Getting Started

How to choose a broadband service and provider

There are quite a few broadband providers and types of package to choose from on

In fact there are so many ISPs (Internet Service Providers) out there that the choice can get a bit overwhelming. And the sheer number of broadband packages, both standard and superfast, is vast.

Since contracts typically last for 12-18 months and usually incur a fee if you want to end the contract before its term expires, it’s good to be as informed as possible beforehand so you know exactly what you’re getting for your money.

Start by asking yourself a few questions.

What services are available in my area?

This obviously needs to be your first consideration. Fibre-Optic broadband sounds great, but has your local cabinet been connected yet?

Fortunately, this is becoming less and less of a concern as superfast broadband is rolled out in more areas; however, particularly if you live in a rural part of the country, you may still be out of luck.

The same applies to cable-based services such as Virgin Media. Virgin provides the current fastest broadband in the country, and you don’t need a BT phone line to take advantage of it. However its nationwide coverage is patchy at best, especially if you don’t live in a major town or city.

On the other hand, more than 99% of UK households can receive ADSL broadband with average speeds of around 10 Mbps (Megabytes per second) through their existing phone line. You should not, however, expect the same quality and speed of connection with regular broadband as you get with superfast.

What speeds are achievable in my area?

This is an important one to check. There is little point in paying a hefty monthly contract fee for ‘speeds up to 76 Mbps’ if the speeds in your area are typically half that.

Always bear in mind that every company is trying to sell you their product, and will make what they have to offer sound as fast, as problem-free and as overall attractive as possible.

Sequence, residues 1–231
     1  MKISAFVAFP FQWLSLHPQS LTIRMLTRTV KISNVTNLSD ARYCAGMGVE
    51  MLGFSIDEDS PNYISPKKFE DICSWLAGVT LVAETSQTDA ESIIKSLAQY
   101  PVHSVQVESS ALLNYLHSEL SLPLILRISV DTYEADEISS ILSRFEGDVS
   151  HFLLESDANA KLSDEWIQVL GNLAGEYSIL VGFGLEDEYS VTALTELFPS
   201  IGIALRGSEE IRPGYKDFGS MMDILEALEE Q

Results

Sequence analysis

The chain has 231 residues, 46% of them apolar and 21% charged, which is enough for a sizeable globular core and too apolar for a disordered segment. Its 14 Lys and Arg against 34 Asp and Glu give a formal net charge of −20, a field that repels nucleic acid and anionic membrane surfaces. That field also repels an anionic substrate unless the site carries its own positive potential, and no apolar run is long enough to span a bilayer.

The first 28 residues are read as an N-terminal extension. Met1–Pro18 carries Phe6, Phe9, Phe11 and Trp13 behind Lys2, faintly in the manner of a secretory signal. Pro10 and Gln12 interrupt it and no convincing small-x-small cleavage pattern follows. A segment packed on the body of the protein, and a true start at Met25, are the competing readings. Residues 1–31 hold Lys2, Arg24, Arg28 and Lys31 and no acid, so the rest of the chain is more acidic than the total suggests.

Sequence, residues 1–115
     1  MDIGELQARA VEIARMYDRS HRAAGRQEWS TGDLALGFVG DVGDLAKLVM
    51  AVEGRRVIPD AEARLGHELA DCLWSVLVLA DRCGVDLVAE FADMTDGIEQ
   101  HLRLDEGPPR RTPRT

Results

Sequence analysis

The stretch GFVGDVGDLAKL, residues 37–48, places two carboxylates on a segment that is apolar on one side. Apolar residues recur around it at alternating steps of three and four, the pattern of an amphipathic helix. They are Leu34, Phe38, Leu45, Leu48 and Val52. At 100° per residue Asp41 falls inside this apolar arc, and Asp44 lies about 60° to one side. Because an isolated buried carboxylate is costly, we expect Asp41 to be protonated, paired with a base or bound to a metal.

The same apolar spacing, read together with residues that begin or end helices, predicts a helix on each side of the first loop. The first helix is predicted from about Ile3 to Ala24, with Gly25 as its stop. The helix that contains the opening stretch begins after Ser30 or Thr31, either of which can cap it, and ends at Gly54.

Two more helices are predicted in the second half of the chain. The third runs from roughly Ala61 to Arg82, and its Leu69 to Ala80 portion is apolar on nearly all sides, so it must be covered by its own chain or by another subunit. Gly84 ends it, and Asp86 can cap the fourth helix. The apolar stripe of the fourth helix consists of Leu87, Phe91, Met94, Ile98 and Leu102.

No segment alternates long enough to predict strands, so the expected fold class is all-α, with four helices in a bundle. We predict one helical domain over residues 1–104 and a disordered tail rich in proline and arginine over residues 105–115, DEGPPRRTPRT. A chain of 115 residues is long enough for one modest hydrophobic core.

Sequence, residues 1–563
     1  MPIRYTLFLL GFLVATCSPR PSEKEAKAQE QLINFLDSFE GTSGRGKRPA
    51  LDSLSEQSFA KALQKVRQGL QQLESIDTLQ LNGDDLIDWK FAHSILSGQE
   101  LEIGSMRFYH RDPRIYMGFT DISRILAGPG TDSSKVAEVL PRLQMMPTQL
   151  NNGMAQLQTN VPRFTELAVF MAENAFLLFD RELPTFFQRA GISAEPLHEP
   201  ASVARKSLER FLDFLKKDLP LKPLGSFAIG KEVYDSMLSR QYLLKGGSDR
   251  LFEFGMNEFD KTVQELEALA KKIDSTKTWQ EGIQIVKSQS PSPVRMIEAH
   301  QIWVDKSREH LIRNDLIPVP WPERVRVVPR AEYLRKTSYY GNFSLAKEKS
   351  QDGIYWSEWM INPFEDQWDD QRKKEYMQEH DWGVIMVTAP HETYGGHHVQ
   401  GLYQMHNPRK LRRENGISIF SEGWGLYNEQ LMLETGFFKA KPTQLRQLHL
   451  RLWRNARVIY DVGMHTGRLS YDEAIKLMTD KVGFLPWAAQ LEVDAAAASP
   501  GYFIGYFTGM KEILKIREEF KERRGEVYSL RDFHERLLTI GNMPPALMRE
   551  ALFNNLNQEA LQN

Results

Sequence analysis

The internet speeds advertised by ISPs are not the average, but the maximum for that particular service, and there is a good chance that those speeds will not apply to you.

What do I use the Internet for?

If you’re getting started on the Internet for the first time, or don’t bother with the Internet all that much, it’s quite likely that you aren’t a heavy user.

A bit of browsing, banking or shopping online isn’t going to eat up massive amounts of data and nor does it require loading websites to be near instantaneous.

In this case, a superfast connection may be unnecessary, and there are plenty of really cheap deals on regular broadband out there – some companies even offer it free with other products.

You could also consider a package with a download limit. If you’re confident that your internet usage falls into the ‘light/medium’ category then there’s really no use in paying extra for unlimited downloads that you simply won’t benefit from.

It’s a different story if you enjoy spending a lot of time online. If you stream online media – watching films/tv programmes (on Netflix, for example), listening to music, or playing games live on the web – then the chances are high that you will want a fast connection so that your internet doesn’t drop out or slow down so much.

In these cases, fibre optic could be the best option. And if you do these things a lot, then fibre with unlimited downloads may well be what you’re looking for.

If you download media to enjoy at your own leisure, then superfast may not be necessary as long as you don’t mind downloads taking longer. But for heavy downloaders, unlimited data is a must.

One final thing to consider is how many people in your household are likely to be using the internet at the same time.

Everything connected to the web in your home is using the same bandwidth and the same connection.

Consoles, PCs, laptops, tablets, mobiles, even tv services that rely on a broadband connection, can count towards any data limit, and can slow down your internet if you’re all on the web simultaneously.

Unlimited superfast becomes better value the more Internet you use and the more people using it.

How much data do I use?